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Detecting Breast Cancer Everywhere
Across the world, breast cancer takes a devastating toll on women. When it strikes within families, the effects can be especially far-reaching. Globally, breast cancer is by far the most common form of cancer in women, but the majority who die from the disease—58 percent—live in developing countries.
In those regions, a shortage of medical equipment and specialists hampers early detection and precise categorization of cancer type. Diagnosis can become a prolonged and costly process, taking as much as six months. Delays make the disease deadlier.
Now scientists have developed a rapid system that can accurately and inexpensively test for this all-too-common disease. Collaborating among universities and hospitals in South Korea, Singapore, and the United States, seven researchers have devised a technology named CytoPAN that accurately detects breast cancer—and identifies its subtype—in less than one hour.
Jouha Min, the lead author of the Science Translational Medicine paper that outlines CytoPAN’s effectiveness and potential uses, calls breast cancer a “special cancer because the biomarkers are well-established.” Researchers have studied it for decades, enabling them to determine the disease’s four different subtypes, says Min, who was until recently a postdoctoral fellow at the Center for Systems Biology at Massachusetts General Hospital. (The center is run by Min’s adviser and study senior author Ralph Weissleder, Thrall Family professor of radiology and professor of systems biology.) “What was missing was [testing] technology that was portable and easy for less skilled people to use,” says Min, who will become an assistant professor of chemical engineering at the University of Michigan next year.
CytoPAN could also improve health outcomes in the United States...in underdeserved areas.
The immediacy of CytoPAN’s accurate results, within minutes, is critical, because women whose specific cancer subtype is detected and treated earlier have higher survival rates than those with delayed diagnoses. “In Africa, sometimes they skip the subtype diagnosis” because of a paucity of testing resources, says Min. Instead, doctors immediately prescribe a drug effective for treating some subtypes to all patients, even though different forms of breast cancer require different treatments.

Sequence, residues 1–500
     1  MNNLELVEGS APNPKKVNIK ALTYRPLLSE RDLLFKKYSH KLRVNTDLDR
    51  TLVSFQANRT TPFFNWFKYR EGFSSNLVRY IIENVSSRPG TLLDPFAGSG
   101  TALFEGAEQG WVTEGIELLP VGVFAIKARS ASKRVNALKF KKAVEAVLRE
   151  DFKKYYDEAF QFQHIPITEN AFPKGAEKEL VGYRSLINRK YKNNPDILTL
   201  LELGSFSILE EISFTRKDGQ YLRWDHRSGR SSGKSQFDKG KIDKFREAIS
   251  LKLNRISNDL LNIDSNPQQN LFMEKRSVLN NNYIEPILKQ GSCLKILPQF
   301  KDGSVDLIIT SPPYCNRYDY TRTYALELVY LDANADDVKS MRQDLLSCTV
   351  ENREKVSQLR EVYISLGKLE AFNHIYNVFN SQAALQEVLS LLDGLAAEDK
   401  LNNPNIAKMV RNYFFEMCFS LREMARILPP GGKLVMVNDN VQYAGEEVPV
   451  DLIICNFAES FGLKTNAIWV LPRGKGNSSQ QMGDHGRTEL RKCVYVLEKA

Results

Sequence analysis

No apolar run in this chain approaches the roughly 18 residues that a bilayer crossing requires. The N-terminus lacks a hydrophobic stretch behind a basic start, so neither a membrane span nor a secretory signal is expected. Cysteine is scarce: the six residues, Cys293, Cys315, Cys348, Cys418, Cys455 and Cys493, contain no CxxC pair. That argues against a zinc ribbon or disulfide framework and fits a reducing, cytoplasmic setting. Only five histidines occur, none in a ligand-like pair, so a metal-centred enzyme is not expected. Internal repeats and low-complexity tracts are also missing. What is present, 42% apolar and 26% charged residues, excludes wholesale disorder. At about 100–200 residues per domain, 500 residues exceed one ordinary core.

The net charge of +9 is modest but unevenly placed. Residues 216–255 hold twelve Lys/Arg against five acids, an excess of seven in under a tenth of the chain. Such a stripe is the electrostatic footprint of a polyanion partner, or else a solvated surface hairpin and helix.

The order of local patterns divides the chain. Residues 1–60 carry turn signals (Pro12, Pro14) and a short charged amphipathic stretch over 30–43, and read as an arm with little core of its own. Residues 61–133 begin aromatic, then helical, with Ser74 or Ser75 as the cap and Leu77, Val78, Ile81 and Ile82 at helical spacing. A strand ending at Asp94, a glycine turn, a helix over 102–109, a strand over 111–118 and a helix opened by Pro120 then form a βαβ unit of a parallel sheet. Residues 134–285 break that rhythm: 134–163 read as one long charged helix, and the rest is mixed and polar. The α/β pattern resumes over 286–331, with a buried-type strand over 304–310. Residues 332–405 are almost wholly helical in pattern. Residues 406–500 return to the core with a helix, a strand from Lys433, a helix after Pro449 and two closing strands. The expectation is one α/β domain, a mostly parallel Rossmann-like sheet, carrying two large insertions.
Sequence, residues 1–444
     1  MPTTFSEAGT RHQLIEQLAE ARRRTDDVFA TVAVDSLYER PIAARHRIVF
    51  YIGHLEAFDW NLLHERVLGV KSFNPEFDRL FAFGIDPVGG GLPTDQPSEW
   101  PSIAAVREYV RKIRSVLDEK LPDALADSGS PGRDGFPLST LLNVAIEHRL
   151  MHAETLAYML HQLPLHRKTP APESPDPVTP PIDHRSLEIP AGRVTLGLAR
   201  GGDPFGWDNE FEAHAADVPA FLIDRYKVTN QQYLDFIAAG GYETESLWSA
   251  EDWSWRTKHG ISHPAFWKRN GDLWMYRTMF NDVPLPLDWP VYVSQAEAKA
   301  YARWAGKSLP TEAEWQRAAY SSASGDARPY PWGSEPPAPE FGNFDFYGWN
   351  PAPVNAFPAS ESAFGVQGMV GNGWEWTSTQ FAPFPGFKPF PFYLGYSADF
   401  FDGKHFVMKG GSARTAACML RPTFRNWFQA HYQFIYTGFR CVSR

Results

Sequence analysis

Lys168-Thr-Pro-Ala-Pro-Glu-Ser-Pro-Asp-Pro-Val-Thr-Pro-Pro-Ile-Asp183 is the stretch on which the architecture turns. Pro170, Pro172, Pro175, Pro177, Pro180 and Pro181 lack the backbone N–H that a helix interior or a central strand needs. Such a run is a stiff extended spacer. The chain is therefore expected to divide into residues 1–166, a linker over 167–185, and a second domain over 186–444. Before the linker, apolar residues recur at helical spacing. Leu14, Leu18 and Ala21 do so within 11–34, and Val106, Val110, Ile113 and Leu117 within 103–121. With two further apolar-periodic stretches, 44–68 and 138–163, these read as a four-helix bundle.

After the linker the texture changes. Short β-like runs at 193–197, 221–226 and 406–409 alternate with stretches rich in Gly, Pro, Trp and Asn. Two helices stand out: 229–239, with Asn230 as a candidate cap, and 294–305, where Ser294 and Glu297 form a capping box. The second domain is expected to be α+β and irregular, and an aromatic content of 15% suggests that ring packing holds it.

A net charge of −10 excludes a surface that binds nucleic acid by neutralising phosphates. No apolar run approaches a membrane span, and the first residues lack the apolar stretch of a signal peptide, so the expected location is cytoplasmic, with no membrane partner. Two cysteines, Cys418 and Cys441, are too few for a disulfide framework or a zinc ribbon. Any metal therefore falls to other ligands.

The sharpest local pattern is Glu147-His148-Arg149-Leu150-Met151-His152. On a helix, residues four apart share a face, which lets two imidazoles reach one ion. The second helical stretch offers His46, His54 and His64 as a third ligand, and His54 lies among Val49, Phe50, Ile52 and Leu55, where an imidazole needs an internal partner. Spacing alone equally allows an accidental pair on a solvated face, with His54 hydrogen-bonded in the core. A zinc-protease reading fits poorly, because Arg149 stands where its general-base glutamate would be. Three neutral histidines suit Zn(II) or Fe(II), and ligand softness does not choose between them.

Min, Weissleder, and their colleagues developed and tested the system—which performs automated, same-day analyses of cells taken directly from patients—with funding from the National Institutes of Health. CytoPAN, an acronym derived from “portable fluorescence-based image cytometry analyzer,” takes multiple images of the cells and analyzes them using custom-designed algorithms. “For years we’ve been interested in developing new technology like this,” says assistant professor of radiology Hyungsoon Im, another co-author.
To test the new system’s effectiveness, the authors employed the technology to treat 68 patients at a hospital in Korea. The results of the tests were remarkable: CytoPAN quickly and accurately diagnosed disease 100 percent of the time with samples of as few as 50 cells. (Testing cells rather than tissue makes CytoPAN both more effective and less invasive.) The test also detects cell-based biomarkers in the samples—indicators which reveal the presence of cancer, its form, stage, and potential to respond to treatment—with more than 90 percent accuracy, a rate high enough to be useful in guiding treatment options.
The procedure is also less expensive than traditional needle-based biopsy sampling methods for cancer detection, which can cost from hundreds of dollars in low- and middle-income countries to thousands in the United States. CytoPAN machines, which cost about $3,500 apiece, require less training to operate and utilize fewer than five dollars’ worth of materials per test. Such advantages mean CytoPAN could also improve health outcomes in the United States and other developed countries, particularly in underserved areas. “Not all states have centralized hospital systems, so we could deploy this in local clinics or mobile clinics,” says Im, who notes that rural areas must sometimes send test specimens to larger, distant hospitals, further delaying results for anxious patients.
The technological breakthrough comes as the number of breast cancer cases worldwide is increasing, driven in large part by growing populations and lengthening lifespans in developing countries. In 2018, there were 18.1 million new cases and 9.6 million deaths from the disease. By 2040, the number of new cases is projected to reach 29.5 million.
Min is now working for Aikili, a startup launched as a result of the study’s findings that has received funding from Harvard and elsewhere to commercialize CytoPAN. Given the scale of the problem, even slightly increasing the number of accurate diagnoses and thereby reducing the number of deaths worldwide would be a major achievement.